The academic assessment committee assesses each applicant based on the enclosed documentation, which includes diploma/transcript of records, CV, relevance description and, if relevant, academic regulations.
In addition to the general requirements regarding documentation, you must also upload the following:
1) A CV describing any relevant education, work experience and other experience in a chronological order. This could be in fields such as media production (film, television, photography, exhibitions, multimedia, web-based formats, etc.), audiovisual or visual communication, artistic work or museum work as well as previous education or passed courses within these fields.
2) A relevance description (1-2 pages), which must be in English and provide details about:
The academic relevance of your Bachelor’s degree programme in relation to the visual anthropology programme
Which courses on your Bachelor’s degree programme you believe meet the academic admission requirements for the Master's degree programme in visual anthropology
Work experience, if relevant
3) If your qualifying Bachelor’s degree programme was not taken at Aarhus University, you must also upload or provide a link to the academic regulations for your Bachelor’s degree programme.
In addition to the above, the following language requirements apply for admission to the Master's degree programme in anthropology:
The following specialisations require Danish at upper secondary school "A" level or equivalent:
The following specialisations require English at upper secondary school "B" level or equivalent (Danish upper secondary school level):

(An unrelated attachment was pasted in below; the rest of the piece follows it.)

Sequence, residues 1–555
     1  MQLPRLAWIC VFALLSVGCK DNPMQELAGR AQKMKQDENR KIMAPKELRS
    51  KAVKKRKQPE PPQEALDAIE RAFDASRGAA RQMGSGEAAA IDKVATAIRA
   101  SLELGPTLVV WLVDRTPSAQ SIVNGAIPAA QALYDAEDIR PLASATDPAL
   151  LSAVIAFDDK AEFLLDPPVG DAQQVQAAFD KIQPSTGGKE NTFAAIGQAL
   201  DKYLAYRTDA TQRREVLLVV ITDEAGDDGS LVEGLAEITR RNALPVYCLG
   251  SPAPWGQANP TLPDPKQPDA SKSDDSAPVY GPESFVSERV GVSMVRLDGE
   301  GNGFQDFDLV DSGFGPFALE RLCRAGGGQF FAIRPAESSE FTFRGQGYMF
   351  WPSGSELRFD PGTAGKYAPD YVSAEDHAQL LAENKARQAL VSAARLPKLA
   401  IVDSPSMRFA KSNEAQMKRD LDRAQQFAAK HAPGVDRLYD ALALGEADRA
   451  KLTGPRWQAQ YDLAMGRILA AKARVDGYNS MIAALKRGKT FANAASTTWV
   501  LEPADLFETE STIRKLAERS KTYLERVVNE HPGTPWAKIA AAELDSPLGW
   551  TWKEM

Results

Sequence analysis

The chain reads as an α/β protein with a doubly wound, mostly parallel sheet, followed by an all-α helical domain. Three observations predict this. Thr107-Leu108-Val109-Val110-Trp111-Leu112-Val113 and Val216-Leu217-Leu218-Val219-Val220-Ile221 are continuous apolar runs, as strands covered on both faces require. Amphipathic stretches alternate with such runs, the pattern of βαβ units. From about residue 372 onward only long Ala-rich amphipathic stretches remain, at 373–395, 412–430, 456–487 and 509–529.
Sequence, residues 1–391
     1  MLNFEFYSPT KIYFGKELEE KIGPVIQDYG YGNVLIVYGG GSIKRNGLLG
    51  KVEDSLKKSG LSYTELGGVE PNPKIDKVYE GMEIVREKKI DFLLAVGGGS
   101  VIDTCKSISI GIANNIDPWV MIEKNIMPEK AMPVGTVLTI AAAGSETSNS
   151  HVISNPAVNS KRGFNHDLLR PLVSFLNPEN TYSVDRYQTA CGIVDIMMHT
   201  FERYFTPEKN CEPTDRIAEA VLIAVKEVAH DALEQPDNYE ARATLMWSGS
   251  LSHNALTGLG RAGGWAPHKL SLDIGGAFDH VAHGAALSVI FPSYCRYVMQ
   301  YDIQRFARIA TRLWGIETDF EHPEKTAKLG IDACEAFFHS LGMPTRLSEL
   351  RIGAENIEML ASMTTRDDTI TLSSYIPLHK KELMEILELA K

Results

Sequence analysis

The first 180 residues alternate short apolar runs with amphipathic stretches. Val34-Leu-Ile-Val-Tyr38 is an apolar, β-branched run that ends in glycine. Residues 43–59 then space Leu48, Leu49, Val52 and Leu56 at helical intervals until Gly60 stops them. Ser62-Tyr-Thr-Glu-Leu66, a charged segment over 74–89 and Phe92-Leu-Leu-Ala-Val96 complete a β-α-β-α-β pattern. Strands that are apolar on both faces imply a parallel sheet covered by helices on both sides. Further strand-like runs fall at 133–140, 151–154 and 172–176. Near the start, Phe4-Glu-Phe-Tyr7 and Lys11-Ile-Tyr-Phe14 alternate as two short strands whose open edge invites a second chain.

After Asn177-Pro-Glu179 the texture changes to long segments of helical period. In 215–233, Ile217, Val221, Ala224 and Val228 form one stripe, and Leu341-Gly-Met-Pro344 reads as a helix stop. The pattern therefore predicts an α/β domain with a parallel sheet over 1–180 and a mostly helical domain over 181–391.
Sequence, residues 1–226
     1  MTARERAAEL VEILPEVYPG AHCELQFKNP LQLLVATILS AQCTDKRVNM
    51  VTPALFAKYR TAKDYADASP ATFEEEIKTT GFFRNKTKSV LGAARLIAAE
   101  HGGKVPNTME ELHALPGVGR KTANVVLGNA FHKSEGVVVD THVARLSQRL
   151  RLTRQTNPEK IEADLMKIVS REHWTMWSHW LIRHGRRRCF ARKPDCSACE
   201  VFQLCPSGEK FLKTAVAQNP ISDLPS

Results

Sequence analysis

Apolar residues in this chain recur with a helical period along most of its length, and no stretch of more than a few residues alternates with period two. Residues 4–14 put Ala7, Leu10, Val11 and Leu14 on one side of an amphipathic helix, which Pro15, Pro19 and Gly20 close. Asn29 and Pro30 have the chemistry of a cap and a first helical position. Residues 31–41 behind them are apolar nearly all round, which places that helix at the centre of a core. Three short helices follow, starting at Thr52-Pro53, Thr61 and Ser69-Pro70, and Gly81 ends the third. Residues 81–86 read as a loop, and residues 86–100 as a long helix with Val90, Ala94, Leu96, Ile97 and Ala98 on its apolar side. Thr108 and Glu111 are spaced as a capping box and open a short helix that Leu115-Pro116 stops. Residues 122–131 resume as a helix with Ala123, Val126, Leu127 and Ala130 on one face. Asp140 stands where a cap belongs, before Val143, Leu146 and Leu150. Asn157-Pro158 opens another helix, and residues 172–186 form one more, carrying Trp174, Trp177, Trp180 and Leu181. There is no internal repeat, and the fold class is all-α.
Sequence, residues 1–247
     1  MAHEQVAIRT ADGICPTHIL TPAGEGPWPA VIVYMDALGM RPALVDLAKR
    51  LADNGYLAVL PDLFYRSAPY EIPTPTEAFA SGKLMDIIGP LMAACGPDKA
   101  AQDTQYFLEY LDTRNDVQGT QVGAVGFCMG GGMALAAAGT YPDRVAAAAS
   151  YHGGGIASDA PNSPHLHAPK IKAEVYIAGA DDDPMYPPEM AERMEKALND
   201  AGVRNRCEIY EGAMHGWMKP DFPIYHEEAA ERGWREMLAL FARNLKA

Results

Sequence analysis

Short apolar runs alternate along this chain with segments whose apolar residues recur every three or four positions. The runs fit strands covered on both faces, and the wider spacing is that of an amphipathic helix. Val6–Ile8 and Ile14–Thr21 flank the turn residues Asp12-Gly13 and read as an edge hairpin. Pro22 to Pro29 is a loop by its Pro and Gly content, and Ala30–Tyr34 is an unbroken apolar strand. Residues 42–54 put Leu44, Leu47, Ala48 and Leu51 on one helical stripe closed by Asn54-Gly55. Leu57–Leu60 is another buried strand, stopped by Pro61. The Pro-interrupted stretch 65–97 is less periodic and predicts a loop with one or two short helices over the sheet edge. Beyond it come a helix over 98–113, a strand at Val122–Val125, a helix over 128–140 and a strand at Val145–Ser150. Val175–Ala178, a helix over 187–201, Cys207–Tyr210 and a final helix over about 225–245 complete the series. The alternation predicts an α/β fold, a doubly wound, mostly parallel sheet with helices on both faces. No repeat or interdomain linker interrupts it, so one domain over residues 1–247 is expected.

From the summer admissions 2024, all applicants must document English B with an average grade of at least 3.0 at a Danish upper-secondary school or the equivalent.
As a student it is important to know the regulations for your chosen subject: what is the content, how is it structured and what does it require from you. You can find this information in the academic regulations.
In the following graphical presentation of the subject you can see the different modules and courses that, in addition, link to the course catalogue where you can read the course descriptions.
There are two different tracks in the Master’s degree in anthropology, one is taught in English, and one is taught in Danish.
Visual Anthropology (English)
The overall aim of this track is to qualify students of anthropology to take on the task of audiovisual research, consultancy and communication in a world that is increasingly being mediated through images, sound, and online media. Public institutions, private organizations, companies and academia are increasingly demanding audiovisual methods that can facilitate cross-cultural analysis, dialogue and imagination. The track provides students with practical and theoretical skills to work anthropologically within a visual framework. Through hands-on workshops in the production of ethnographic film, students learn to design audiovisual projects, apply audiovisual media as a participatory research method and as a means of analytic investigation and expression.
The aim is to develop practical and conceptual sensibilities that allow students to explore and experiment with the interfaces and dialectics of human perception, emotion and imagination beyond what can be contained in words. The Visual Anthropology track culminates in the production of a thesis, where you have the option to combind a written part and a visual anthropological product (film, photography, museum installation, or multimedia).
General Anthropology (Danish)
The track builds on a classical anthropological approach to the study of human relations. The structure of this track allows you to specialise in topics that interest you. This could be a specific topic, for example migration, material culture, religion and politics or change processes, or you can specialise in the cultural issues relating to a specific area such as East Africa, North America or South Asia.